Letters of John Keats to His Family and Friends, by John Keats

2. — To Benjamin Robert Haydon.

My dear Sir — Last evening wrought me up, and I cannot forbear sending you the following —

Yours unfeignedly,

John Keats.

Removed to 76 Cheapside.

Great spirits now on earth are sojourning;

He of the cloud, the cataract, the lake,

Who on Helvellyn’s summit, wide awake,

Catches his freshness from Archangel’s wing:

He of the rose, the violet, the spring,

The social smile, the chain for Freedom’s sake:

And lo! — whose stedfastness would never take

A meaner sound than Raphael’s whispering.

And other spirits there are standing apart

Upon the forehead of the age to come;

These, these will give the world another heart,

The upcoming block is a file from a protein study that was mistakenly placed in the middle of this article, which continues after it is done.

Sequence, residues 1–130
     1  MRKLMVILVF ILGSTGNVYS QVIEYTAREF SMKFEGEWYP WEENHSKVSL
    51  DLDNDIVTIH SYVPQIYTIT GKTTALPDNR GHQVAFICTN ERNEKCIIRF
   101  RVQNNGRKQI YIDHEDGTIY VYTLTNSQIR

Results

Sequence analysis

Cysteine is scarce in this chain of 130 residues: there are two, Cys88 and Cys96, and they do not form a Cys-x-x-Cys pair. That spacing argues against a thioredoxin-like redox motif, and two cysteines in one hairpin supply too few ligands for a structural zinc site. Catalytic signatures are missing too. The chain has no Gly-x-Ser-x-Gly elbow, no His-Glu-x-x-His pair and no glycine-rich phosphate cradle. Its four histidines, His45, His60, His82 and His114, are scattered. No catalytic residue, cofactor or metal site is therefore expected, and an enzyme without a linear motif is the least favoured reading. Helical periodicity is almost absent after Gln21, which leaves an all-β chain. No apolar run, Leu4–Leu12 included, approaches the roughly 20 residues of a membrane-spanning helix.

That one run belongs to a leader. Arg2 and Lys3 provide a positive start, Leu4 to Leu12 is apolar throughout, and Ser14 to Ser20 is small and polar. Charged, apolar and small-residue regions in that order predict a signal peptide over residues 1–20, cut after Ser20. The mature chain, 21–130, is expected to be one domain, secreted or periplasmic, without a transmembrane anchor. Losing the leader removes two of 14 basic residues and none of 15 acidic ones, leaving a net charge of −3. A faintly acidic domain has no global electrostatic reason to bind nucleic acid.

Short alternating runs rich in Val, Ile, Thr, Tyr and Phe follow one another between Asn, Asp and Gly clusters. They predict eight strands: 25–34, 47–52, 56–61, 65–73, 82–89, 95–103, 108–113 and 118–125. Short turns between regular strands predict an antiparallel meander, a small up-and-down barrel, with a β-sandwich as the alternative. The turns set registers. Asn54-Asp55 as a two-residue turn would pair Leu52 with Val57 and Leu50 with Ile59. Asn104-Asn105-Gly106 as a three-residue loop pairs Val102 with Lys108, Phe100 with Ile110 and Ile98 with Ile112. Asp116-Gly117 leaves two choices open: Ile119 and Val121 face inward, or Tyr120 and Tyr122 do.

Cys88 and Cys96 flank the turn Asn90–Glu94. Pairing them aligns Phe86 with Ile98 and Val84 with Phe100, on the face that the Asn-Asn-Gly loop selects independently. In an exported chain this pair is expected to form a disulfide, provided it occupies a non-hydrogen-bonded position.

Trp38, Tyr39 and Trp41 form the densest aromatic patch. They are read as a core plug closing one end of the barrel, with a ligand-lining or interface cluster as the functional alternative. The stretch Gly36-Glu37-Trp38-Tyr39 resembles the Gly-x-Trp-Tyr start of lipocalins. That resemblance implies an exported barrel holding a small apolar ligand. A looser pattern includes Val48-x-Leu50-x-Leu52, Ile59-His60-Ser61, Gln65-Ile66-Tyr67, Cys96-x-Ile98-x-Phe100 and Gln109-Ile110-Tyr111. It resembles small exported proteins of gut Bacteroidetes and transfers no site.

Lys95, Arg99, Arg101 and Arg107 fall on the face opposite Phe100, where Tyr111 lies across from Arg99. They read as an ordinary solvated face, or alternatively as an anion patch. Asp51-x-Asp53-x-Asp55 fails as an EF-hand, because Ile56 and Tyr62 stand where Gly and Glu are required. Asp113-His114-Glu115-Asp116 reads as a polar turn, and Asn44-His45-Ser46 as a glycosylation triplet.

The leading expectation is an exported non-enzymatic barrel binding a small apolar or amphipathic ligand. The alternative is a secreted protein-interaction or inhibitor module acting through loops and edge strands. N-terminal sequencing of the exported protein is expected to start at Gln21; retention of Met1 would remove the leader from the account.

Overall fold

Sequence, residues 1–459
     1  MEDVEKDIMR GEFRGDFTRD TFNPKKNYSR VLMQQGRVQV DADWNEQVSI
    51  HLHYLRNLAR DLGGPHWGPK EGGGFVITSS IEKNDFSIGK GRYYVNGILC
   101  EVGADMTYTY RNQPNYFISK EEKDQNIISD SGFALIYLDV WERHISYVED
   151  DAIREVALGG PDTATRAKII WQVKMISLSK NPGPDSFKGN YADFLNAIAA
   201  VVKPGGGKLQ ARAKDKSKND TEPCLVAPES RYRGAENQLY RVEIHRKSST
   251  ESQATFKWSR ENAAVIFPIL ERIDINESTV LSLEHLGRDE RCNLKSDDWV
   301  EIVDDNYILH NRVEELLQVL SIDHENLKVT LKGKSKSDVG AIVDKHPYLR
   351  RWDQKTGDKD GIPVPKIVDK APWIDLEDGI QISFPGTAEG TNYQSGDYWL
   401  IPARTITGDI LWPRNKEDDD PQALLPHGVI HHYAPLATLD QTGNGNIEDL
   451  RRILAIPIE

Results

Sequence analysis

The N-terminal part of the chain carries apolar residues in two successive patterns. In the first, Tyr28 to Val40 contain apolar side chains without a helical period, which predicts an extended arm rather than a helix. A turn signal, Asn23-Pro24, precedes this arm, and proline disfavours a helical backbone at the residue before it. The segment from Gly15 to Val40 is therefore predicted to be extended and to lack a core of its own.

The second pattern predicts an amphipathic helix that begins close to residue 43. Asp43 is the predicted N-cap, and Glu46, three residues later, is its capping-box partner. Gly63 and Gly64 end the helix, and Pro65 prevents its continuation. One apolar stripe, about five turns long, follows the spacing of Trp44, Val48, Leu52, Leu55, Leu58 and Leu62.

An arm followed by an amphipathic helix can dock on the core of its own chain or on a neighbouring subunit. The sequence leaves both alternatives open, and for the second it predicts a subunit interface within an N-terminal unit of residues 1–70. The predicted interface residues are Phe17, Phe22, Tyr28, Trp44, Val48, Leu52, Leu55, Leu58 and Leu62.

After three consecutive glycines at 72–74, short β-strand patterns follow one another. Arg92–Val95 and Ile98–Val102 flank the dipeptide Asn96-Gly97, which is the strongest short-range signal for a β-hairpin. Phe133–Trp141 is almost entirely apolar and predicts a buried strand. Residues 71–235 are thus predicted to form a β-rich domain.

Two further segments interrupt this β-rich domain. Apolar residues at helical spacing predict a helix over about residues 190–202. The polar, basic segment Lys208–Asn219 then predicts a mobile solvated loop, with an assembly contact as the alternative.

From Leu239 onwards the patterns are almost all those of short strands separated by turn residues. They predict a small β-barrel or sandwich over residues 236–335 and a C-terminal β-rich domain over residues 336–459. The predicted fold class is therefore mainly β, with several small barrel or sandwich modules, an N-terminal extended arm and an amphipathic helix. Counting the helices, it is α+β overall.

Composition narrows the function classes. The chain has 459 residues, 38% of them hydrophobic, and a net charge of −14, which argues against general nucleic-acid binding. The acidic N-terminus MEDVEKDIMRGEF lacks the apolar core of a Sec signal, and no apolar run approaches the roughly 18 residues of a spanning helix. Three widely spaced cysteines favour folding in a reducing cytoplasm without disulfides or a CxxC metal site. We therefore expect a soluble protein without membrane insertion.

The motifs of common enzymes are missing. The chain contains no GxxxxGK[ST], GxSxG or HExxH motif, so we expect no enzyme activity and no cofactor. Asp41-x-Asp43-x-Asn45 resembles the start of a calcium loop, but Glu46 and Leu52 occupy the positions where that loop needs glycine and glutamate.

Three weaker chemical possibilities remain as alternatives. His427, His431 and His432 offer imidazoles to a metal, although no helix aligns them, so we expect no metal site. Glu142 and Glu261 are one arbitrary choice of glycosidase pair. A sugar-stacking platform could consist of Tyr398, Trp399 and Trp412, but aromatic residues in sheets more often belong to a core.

And other pulses. Hear ye not the hum

Of mighty workings in the human mart?

Listen awhile ye nations, and be dumb.7

7 The references are of course to Wordsworth, Leigh Hunt, and Haydon. In the sonnet as printed in the Poems of 1817, and all later editions, the last line but one breaks off at “workings,” the words “in the human mart” having been omitted by Haydon’s advice.


Last updated Sunday, March 27, 2016 at 11:56